Study: Ancient humans 'altered' climate

Researchers say they've determined humans were influencing the planet's climate long before the Industrial Revolution.

An analysis of gases trapped in ice suggests levels of methane rose steadily around the Earth during the first millennium, scientists told the BBC. Much of the greenhouse gas came from huge fires lit by humans as they cleared land for settlements and farming.

Writing in the journal Science, the researchers said they analyzed traces of methane trapped in air bubbles within 2,000-year-old Antarctic ice.

They said much of the gas apparently came from the burning of biomass, such as wood or grass, rather than other known sources of methane including the burning of fossil fuels, or natural emissions of methane from swamps and wetlands.

"It shows that in pre-industrial times there were much higher levels of methane from wood and grassland fires than we ever thought before," lead researcher Dominic Ferretti, of the National Institute of Water and Atmospheric Research Limited in Wellington, New Zealand, told the BBC.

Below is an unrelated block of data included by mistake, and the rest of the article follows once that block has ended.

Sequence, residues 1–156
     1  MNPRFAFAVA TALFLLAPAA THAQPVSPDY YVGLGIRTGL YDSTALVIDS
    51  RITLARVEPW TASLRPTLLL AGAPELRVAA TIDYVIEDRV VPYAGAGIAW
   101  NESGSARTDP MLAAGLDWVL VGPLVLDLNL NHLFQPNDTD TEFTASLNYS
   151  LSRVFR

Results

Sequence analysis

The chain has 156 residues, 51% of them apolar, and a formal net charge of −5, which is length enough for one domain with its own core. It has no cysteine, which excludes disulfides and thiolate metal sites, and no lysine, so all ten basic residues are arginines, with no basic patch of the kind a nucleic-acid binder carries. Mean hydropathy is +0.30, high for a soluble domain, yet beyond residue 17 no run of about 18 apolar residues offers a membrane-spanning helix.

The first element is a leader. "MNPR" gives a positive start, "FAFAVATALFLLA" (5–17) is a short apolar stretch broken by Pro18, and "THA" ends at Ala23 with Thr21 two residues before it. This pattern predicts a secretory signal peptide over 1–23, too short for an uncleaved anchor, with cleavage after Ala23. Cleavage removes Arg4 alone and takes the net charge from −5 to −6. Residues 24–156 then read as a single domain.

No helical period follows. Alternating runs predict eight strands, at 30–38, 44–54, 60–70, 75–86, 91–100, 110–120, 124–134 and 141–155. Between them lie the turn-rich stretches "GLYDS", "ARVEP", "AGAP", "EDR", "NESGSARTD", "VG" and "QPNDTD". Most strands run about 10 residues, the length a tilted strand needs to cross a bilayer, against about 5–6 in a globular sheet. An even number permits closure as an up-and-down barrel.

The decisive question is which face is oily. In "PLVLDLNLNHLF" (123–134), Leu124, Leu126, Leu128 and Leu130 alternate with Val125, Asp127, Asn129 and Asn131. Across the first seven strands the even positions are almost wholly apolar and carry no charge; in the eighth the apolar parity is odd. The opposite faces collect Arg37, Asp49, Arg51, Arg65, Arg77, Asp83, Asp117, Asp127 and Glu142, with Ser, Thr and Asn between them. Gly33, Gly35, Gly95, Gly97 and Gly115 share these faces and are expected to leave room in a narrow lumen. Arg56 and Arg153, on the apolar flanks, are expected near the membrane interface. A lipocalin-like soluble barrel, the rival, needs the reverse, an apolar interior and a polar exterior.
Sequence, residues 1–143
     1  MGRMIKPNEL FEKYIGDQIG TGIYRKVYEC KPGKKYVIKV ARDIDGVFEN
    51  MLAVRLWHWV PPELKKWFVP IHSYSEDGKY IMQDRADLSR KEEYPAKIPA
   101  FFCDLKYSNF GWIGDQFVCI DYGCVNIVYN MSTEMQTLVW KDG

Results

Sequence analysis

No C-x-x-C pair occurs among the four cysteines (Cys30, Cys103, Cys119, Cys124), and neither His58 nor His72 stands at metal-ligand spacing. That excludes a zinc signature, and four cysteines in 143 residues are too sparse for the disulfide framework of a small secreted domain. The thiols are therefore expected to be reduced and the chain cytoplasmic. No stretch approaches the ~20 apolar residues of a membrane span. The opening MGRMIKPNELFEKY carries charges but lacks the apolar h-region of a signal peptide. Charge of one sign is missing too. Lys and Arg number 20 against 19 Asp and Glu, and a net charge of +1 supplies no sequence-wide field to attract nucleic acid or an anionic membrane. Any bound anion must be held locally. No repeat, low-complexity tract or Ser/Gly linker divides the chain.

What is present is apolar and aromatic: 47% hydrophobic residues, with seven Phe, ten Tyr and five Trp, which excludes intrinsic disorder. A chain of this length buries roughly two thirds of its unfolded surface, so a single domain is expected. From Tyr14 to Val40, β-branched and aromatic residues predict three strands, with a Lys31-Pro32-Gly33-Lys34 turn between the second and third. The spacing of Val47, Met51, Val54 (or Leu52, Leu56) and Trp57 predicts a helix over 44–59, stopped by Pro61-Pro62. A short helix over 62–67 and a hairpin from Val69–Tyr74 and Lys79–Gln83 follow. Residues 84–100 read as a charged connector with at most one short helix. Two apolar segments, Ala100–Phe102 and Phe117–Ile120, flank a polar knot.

"The end result is that in the future, with climate change and inevitably warming, we are likely to experience more wild fires ... as it becomes warmer and drier."

Copyright 2005 by United Press International


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Citation: Study: Ancient humans 'altered' climate (2005, September 9) retrieved 25 October 2021 from https://phys.org/news/2005-09-ancient-humans-climate.html
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